Tuesday, July 14, 2009


Canning again, my feet hurt, I smell like a tomato and my fingers are sore from peeling tomatoes. Our Romas and San Marzanos are prolific this year and the Opalkas are giant! The color red that they turn when canned is just beautiful and they call out for the tomato soup and spaghetti sauce in the winter. There is a great sense of accomplishment when the first jars start filling up my cupboard where I keep the seasons harvest in jars. Corn is in the freezer and onions are dried and ready to use all year long. Our Blueberries were a bumper crop and made the most amazing jam! There is nothing like it in any grocery store anywhere!

24 jars of pickles seems like a lot I know but we have a lot of folks around here for lunchtime in the spring and those pickles will all get eaten. Thank goodness watermelons don't need canning but all those apples all over the apple tree are going to make apple butter this year which cooks down in the slow cooker. We also have the prettiest french filet beans in yellow and green all packed into jars to enjoy for a long time.

Putting up is exhausting work, how did women survive doing this all summer long every year? I am afraid my family would have starved by the end of November. Living out in the country like we do, I can't just run to the store and get dinner every night so it is nice to have lots of great staples to choose from but I don't think we could live off of our own garden yet. We do have our own eggs and beef and we are lucky to trade for pork and sometimes chicken too.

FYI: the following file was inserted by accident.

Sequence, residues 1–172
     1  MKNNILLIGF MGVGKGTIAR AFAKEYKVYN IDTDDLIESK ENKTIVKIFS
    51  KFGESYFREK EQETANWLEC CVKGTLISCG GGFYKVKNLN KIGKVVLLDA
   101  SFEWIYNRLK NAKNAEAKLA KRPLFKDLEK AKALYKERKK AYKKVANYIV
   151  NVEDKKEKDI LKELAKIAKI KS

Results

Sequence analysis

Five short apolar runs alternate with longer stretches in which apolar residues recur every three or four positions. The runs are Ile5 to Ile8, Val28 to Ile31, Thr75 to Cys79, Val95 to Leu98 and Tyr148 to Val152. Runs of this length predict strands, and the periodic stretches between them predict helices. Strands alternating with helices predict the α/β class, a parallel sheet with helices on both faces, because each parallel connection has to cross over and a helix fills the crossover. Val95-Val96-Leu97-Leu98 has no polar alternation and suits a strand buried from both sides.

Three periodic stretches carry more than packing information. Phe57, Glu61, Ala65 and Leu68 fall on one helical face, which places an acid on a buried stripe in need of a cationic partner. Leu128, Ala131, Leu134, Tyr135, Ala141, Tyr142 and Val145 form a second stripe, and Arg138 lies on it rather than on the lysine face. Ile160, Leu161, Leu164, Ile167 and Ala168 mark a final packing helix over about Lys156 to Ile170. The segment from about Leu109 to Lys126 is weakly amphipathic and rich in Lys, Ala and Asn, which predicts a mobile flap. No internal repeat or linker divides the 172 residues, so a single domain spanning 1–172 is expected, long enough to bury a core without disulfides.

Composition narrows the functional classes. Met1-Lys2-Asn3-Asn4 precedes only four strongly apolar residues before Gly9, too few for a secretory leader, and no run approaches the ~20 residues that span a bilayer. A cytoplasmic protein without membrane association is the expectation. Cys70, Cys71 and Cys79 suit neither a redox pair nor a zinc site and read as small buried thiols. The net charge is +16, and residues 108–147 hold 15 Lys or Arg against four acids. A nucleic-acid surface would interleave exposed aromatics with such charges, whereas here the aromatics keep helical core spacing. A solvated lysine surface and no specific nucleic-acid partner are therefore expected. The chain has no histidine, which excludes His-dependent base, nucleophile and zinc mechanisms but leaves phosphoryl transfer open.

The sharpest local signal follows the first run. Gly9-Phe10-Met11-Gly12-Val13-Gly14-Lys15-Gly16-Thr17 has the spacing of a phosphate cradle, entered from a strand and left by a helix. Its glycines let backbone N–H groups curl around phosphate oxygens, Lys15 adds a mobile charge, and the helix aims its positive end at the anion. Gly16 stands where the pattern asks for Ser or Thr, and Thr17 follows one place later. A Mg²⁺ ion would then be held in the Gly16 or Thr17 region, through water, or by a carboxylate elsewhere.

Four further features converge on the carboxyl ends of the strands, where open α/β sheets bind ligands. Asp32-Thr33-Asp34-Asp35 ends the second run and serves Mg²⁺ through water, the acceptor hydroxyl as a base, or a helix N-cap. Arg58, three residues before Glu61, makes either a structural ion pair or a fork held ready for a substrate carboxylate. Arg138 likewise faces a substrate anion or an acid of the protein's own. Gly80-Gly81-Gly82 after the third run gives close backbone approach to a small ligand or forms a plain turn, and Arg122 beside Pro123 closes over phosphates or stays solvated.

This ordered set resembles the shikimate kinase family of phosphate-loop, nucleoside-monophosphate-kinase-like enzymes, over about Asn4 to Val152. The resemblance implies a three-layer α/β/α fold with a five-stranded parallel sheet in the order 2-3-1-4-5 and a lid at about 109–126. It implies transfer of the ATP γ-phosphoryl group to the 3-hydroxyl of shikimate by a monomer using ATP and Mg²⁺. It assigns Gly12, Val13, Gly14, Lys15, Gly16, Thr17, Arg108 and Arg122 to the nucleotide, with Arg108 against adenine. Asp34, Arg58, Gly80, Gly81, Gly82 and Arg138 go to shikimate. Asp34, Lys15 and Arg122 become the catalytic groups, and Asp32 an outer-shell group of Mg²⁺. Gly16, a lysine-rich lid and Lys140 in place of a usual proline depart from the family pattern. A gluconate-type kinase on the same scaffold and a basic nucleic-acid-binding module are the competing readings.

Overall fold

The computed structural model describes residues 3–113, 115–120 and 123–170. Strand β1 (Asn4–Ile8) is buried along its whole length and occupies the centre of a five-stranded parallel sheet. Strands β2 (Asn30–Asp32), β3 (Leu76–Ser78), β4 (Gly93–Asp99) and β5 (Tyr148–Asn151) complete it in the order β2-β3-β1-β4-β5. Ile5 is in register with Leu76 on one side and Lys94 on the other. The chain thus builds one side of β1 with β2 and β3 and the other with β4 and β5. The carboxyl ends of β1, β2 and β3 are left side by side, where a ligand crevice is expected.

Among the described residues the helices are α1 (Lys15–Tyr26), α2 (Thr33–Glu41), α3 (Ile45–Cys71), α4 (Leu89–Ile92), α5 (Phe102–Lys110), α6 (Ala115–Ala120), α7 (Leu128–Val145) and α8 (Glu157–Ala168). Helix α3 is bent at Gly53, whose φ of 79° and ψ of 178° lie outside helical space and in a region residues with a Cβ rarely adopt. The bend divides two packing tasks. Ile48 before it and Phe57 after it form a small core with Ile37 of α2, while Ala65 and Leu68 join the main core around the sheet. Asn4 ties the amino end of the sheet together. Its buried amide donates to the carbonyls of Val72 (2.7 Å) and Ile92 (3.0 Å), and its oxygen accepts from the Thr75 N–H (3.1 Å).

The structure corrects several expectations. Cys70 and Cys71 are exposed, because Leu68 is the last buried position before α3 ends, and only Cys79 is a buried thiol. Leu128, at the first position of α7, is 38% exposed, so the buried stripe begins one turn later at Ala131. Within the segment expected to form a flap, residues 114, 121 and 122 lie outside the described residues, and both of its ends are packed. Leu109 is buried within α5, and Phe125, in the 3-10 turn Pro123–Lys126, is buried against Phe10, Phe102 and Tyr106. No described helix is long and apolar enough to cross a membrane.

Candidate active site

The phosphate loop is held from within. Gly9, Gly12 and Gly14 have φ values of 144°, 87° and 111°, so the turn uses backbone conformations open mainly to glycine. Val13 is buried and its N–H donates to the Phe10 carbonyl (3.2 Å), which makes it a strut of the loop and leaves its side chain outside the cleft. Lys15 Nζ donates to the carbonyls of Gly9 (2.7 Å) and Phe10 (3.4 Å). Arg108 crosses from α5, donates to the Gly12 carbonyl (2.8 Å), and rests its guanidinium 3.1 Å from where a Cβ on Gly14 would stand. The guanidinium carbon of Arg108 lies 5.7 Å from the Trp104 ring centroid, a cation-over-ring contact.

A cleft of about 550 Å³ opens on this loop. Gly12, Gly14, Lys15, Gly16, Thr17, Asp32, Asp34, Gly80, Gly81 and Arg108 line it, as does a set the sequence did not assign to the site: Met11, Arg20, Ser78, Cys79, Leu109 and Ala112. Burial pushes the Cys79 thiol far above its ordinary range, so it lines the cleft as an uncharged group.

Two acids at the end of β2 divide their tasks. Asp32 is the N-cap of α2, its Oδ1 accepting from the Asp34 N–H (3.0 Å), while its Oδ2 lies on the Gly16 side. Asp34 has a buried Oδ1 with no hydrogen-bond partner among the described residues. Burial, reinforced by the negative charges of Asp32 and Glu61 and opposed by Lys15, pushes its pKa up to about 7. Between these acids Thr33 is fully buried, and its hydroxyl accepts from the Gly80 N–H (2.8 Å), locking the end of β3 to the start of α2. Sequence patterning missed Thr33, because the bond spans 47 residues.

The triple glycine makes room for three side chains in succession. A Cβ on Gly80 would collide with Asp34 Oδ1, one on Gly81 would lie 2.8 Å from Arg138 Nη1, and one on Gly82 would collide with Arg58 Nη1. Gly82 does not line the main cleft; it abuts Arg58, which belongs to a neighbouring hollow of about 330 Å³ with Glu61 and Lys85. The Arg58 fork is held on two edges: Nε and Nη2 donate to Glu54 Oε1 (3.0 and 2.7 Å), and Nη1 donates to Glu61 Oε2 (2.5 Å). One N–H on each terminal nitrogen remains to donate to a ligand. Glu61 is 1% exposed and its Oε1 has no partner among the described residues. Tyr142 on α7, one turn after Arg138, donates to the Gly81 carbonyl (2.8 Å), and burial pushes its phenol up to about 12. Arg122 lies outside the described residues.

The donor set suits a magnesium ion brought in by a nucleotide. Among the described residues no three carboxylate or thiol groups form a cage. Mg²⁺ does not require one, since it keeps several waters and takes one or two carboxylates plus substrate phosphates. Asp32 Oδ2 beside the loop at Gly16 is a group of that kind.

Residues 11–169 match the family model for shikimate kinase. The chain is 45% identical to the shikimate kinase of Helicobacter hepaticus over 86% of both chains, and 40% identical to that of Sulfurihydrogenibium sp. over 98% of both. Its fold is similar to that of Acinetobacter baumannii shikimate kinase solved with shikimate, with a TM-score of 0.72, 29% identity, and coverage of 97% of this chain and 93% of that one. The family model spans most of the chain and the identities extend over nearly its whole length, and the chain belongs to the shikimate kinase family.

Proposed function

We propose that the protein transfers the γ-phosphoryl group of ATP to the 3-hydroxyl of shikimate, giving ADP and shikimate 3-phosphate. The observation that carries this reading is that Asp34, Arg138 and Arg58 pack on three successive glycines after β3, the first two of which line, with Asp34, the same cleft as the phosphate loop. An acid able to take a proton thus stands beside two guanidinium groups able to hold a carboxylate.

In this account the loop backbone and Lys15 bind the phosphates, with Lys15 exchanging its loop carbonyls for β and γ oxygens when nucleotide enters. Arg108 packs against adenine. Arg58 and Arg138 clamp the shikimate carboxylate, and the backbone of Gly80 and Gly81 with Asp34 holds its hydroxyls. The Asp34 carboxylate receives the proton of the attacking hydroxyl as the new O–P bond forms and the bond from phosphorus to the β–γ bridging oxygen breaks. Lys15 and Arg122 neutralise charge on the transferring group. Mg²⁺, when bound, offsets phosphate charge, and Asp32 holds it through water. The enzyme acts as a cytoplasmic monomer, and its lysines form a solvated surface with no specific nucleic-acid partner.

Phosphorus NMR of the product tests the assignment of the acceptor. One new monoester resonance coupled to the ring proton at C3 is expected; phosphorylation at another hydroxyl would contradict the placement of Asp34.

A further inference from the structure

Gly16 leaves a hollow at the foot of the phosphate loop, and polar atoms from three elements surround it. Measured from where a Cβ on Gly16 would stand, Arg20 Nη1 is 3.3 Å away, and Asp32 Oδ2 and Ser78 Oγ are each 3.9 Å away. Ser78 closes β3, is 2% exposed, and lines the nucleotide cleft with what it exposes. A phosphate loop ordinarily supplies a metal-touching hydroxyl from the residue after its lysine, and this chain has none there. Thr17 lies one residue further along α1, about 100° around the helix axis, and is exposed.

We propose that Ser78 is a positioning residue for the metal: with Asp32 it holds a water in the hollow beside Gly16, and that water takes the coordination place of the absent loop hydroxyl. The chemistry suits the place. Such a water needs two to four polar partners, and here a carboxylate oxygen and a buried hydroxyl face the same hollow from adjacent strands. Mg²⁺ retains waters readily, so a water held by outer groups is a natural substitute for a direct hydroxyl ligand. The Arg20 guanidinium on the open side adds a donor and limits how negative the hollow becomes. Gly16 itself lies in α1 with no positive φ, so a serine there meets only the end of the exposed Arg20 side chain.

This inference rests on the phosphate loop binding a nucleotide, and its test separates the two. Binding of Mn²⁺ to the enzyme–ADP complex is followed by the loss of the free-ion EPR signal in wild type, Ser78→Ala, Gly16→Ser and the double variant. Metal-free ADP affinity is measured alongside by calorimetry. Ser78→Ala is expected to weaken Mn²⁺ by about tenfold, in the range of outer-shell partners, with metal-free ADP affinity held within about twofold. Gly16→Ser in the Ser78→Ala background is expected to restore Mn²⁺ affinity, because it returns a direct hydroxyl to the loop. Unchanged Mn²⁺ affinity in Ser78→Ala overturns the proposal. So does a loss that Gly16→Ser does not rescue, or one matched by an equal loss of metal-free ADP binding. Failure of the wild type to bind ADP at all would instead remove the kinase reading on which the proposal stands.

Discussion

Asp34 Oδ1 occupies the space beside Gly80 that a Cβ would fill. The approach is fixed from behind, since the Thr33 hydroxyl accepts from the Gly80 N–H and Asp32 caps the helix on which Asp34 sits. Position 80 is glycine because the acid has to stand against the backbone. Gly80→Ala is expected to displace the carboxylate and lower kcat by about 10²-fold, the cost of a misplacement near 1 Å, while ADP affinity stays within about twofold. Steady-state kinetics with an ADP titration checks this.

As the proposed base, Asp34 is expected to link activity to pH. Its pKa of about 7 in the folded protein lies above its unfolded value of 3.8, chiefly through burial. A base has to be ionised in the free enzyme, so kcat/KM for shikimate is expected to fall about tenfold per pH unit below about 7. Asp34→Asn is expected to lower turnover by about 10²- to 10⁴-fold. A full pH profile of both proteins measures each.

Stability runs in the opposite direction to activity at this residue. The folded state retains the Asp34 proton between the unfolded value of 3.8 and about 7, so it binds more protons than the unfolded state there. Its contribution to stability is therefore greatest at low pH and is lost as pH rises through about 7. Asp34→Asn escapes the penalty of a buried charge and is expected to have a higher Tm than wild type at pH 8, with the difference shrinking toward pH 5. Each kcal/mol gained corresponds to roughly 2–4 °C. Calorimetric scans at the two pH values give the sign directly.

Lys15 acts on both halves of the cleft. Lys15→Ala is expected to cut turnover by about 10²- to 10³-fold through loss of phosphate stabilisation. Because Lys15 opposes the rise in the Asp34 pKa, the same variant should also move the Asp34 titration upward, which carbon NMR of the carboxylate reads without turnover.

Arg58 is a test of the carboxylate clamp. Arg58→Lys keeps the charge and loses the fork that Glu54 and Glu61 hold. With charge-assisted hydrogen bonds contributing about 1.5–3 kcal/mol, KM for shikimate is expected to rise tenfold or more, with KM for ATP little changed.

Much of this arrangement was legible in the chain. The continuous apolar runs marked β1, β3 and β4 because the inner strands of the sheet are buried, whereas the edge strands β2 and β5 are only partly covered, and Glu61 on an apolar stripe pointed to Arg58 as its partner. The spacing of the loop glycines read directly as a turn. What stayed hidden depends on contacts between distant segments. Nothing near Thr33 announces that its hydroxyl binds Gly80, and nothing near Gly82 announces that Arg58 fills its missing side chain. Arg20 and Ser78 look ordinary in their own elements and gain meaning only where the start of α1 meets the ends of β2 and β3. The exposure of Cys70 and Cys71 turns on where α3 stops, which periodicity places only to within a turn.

Friday, July 3, 2009

Tomato Late Blight in the Northeast

Reports of Bonnie's Plants in the Northeast with Late Blight are in the news right now and I am sure many folks are worried about their tomato plants. This is an incredibly nasty disease that causes terrible looking lesions which start on the stems and move to the leaves.

Because of the distribution of plants all over the country by Bonnie's and others, and the fact that they don't know where it is coming from, Bonnie's greenhouses or at the stores, they are very concerned and have pulled plants off the shelves of several stores. This is akin to the situation with produce that is grown in factory farms, processed in very large scale and distributed all over the country. When there is an outbreak, it is almost impossible to control the spread.

If your plant shows signs of these particular lesions, they should be destroyed immediately, you will not be able to prevent the spread of the disease. Because the fungal spores travel airborne, it will move to your other plants and only get worse. If you don't have lesions like this, don't worry, you are probably just fine. We haven't had any reports of lesions on any of our plants and we don't have any reason to believe our plants have been contaminated since we don't sell in big box stores.

Fungicides can be used to prevent this disease and prevention is important if you live in areas where rainfall is extremely heavy for weeks at a time. This creates the perfect conditions for the spread of diseases.